The Apple Watch gets a major software refresh every year, and the latest is WatchOS 10, which brings app redesigns, widgets and extra tools for cyclists and hikers. The WatchOS 10 public beta is now available for all Apple Watches starting with the Series 4 and later. The beta, along with iOS 17, gives us a preview of some of the new features ahead of its general release this fall.
I used WatchOS 10 over the past few days and tried out some of the best features.
If you want to try it out, you need to install the iOS 17 public beta on your iPhone first, then install the WatchOS 10 beta on the Apple Watch. As with all beta software, tread carefully. Features are subject to change between now and the final release, and I strongly advise you to back up your Apple Watch and iPhone before installing. And know that you can’t revert back to WatchOS 9 if you do install the public beta.
The Apple Watch gets widgets
Apple has brought widget Smart Stacks from the iPhone home screen to your Watch. Smart Stacks update dynamically based on context, such as the time of day and how you use your watch. From the watch face, you simply turn the digital crown to see the Stack. You can also swipe up from the watch face.
My Smart Stack usually shows upcoming calendar appointments, the weather and my activity rings. But like the iOS home screen, you can customize the Stack even further with a long press and either removing or pinning apps.
WatchOS 10 also changes how you bring up the control center. Instead of swiping up from the watch face, press the side button. This also works when you are in any app. With older versions of WatchOS, you either had to go back to the home screen, or long-press on the bottom edge of the screen when you were in another app. If you prefer the dock that comes up when you press the side button in WatchOS 9 and earlier, don’t worry. You can still access it by double-clicking the crown.
All the stock Apple apps look better
Pretty much all of the stock apps have been redesigned to fit more information on the screen. But they also look significantly different in some cases:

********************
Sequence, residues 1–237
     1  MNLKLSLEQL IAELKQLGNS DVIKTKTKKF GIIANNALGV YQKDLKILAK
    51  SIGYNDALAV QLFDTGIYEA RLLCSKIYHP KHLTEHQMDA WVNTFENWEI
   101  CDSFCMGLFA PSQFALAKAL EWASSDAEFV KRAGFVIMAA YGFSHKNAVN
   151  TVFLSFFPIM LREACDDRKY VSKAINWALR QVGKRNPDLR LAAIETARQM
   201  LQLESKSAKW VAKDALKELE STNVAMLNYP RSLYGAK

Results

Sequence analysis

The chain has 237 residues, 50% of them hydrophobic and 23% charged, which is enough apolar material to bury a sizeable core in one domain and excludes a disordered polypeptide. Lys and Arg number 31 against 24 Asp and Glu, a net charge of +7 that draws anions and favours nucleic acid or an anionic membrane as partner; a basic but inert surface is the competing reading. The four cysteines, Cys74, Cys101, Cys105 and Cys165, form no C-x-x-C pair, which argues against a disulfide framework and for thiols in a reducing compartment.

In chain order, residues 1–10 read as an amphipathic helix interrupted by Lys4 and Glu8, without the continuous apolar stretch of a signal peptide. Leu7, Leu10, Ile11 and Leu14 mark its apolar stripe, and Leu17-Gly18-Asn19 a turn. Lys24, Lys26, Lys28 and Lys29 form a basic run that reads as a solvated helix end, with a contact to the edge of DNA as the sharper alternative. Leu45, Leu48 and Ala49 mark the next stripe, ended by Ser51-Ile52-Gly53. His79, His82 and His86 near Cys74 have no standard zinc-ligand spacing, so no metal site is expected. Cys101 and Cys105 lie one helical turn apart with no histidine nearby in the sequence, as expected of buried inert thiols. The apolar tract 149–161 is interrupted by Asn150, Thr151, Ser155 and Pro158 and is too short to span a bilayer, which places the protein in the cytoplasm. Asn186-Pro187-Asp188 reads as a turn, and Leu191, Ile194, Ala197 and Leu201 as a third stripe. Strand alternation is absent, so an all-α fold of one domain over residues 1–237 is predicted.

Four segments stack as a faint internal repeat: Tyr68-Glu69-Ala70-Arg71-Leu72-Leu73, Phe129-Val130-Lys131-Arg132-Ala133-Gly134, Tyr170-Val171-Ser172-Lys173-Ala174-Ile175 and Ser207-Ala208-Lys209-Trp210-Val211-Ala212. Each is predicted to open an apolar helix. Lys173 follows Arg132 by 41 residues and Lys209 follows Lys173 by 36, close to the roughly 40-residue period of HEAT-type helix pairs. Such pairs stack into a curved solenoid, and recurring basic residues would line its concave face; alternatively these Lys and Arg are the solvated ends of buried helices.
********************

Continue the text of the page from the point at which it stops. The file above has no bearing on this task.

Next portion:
- Weather lets you tap through or turn the crown to see different views of air quality, wind speed, humidity and more.
- Activity still shows rings in the middle, but around the edge you get a weekly summary, awards and challenges. You can also swipe down to see the more granular time view of your rings’ progress.
- Messages can show pinned contact names and photos on first open, rather than the list of messages.
- Heart rate shows a new animation when reading your vitals.
One small change I really appreciate is how easy it is to switch between the Apple Watch list view and bubble app view. At the bottom of either list, you’ll see a prompt to switch to the other view. Previously you had to do a long press to switch views, or go into the Settings.
New Apple Watch faces: Snoopy and Palette
It wouldn’t be an Apple Watch update without new faces. Snoopy and Woodstock can hang out on your wrist all day, and they have different animations depending on what you’re doing or the time of day. My favorite part of the Snoopy face is what happens when you activate the always-on display. I won’t spoil the surprise, but Snoopy reflects how I feel every day after lunch.
The Snoopy watch face doesn’t allow for complications, but if you want a new look with extra flexibility, the new Palette face is available. There are three different color layers that change depending on where the hour and second hands are located, with four slots for complications around the edge of the watch face.